Wednesday, April 30, 2008
The Red Wings have Franzen The Scoring Mule. And he may not be an award winner, either, unless you count the Conn Smythe Trophy that he may pick up in about a month from now.
I'm right so rarely, it seems, when it comes to soothsaying, so allow me to indulge myself and remind you all that before the playoffs began, Johan Franzen was depicted in this space as being one of the Red Wing players (Henrik Zetterberg being the other) whose prowess would be needed the most in the post-season. I don't blame you for not believing me, so you can read it for yourself HERE.
Franzen, aka The Mule, has been kicking the Colorado Avalanche in the lower body area ever since this conference semi-final series began. He did it to them again last night in Game 3, scoring the go-ahead goal some 58 seconds after Pavel Datsyuk tied the game at 1-1. This after Franzen roughed up the Nashville Predators in Round 1. He has a mind-boggling eight goals in the playoffs. He has Smythe (given to the MVP of the playoffs) written all over him.
No team, so far, has had an answer for Franzen, who's Tomas Holmstrom with hands. He's a player built for post-season hockey. He reminds me of the great Tim Kerr, or Cam Neely. Power forwards who pitched camp in front of the net and ate the other team's picnic basket.
Goalie Chris Osgood won't win the Smythe, but he's playing like he's on a mission, which of course he is. He's ten years removed from his last Stanley Cup, and if you think it wouldn't be sweeter for him this time around -- having begun the regular season and the playoffs as the backup only to emerge as the go-to guy in goal -- then you're delusional. He's 35 now, and would be a remarkable story if the Red Wings pick up nine more wins. He's supremely confident, and watching him in post-game interviews, I can't help but notice that he's extremely focused. He made an outstanding stop late in last night's win, stoning David Jones after the Avs forward used his speed to split the Red Wings defense. And Osgood made the stop look so easy, just as he's made all his stops look.
Speaking of missions, the one in Denver was simple for the Wings: place skate on throat and press firmly. Deny the Avs any of that thin, mile-high air. Erase any thoughts of momentum and getting back into the series. Come home 3-1, if not with brooms in hand. Mission accomplished. The Avs are done like dinner -- injured, deflated, and helpless. They're a parody of a horror movie villain, like in one of those Scary Movie deals. They may wear the Colorado Avalanche cloak, but they're to be laughed at and pitied, not feared.
What a way to end a rivalry, eh?
Monday, April 28, 2008
Today, OOB joins other salacious curmudgeons like Big Al at Wayne Fontes, and is partnering with WDFN radio. "The Fan"'s clickable logo appears on the sidebar now, and OOB postings will coincidentally appear on the WDFN site from time to time, along with stuff from the sister sites, Where Have You Gone, Johnny Grubb? and Spoiled Sports.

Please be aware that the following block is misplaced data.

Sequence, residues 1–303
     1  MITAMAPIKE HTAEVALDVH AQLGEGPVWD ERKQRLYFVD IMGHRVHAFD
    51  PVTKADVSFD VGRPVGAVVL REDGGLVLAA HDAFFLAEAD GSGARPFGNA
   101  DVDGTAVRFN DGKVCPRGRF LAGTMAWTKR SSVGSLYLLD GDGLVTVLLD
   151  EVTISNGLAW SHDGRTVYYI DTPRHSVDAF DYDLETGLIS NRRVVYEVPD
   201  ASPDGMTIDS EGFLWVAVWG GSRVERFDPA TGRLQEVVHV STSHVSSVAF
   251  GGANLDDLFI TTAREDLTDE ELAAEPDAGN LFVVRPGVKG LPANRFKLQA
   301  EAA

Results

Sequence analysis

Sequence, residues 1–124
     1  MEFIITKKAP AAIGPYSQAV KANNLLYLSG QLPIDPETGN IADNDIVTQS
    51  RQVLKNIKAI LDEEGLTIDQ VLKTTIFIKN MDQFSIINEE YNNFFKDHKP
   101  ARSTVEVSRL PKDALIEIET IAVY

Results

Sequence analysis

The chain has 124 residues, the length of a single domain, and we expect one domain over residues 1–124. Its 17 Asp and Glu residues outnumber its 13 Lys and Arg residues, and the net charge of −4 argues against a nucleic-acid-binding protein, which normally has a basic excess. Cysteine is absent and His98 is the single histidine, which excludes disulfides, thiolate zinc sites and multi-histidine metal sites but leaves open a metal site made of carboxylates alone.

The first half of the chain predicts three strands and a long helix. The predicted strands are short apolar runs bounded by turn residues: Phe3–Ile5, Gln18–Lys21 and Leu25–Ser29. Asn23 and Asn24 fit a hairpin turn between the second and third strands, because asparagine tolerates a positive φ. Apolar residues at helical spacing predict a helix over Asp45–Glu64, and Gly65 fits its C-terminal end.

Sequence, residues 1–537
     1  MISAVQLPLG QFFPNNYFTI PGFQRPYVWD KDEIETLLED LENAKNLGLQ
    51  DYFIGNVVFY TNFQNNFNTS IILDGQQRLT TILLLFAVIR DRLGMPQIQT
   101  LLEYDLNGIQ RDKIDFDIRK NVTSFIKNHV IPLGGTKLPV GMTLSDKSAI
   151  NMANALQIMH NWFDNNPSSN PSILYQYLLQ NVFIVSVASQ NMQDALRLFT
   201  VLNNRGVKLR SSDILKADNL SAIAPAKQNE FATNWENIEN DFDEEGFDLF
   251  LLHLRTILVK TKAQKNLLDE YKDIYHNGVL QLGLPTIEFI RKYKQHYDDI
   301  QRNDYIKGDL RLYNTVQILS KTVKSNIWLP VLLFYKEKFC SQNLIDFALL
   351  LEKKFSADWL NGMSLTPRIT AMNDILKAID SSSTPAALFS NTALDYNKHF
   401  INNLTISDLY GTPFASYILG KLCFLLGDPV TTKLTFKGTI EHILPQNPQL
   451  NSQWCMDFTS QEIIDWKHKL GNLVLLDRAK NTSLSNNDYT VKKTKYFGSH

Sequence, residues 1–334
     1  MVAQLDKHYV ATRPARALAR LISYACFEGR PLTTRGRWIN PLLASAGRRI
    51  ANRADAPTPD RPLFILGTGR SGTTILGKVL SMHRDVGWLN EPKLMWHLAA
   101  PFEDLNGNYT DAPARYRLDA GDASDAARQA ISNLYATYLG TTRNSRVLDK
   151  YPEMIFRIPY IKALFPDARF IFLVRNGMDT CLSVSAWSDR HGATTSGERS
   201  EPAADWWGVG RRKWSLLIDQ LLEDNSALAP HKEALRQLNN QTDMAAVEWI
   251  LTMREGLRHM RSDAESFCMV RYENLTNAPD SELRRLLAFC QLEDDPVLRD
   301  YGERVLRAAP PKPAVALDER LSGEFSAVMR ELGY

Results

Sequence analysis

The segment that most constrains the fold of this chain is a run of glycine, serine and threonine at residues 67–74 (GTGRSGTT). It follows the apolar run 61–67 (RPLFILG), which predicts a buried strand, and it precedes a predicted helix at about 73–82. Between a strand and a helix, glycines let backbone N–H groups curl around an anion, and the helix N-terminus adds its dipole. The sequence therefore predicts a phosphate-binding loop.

Thanks to WDFN Program Director Rona Danziger for extending the invite, no matter how cruel I've been to her jabberjaws in the past. It's all good. Like she says, if you can't laugh at yourself, you can't laugh at all. Plus, she's good people -- as are the folks at 'DFN, despite what you may have read here previously. :-)
At halftime of yesterday's Game 4 against the Philadelphia 76ers, I gave the team -- and by extension, coach Flip Saunders -- 24 minutes. Twenty-four minutes to show me that they were either still to be taken seriously as a championship contender, or a franchise about to undergo a bunch of upheaval. Twenty-four minutes that would, I surmised, go a long way toward either being the first of many dominoes to topple, or making the world right again at the Palace. Twenty-four minutes to show me that you can stare a 1-3 series deficit in the face, on the road, down by ten points, in an extremely hostile environment against an athletic, young, care-free team that was having entirely too much fun at the experience-rich Pistons' expense. Twenty-four minutes to, perhaps, save their coach's job -- and their status as untradeable.
This is it, I thought. This might be the most important, crucial 24 minutes of basketball any Pistons team has played in years, because of its implications on their season -- and their off-season.
And, like Jack Bauer, the Pistons ended up heroes. Test passed. For now.
It's amazing how often the team that takes control at the start of the third quarter in any given NBA game ends up the winner. The Pistons had Game 1 halfway in their back pockets after the first two quarters, but a lightning-quick 8-0 run by Philly to begin the third turned a 51-38 laugher into a 51-46 dogfight in about 100 seconds. The game ebbed Philly's way after that. In Game 2, the Pistons came out of the locker room for the third quarter refusing to let the Sixers back in after another impressive first half by Detroit. The Pistons won, in a cake walk. In Game 3, the Sixers ran away from the turnover-ridden Pistons to start the second half, and won in a landslide.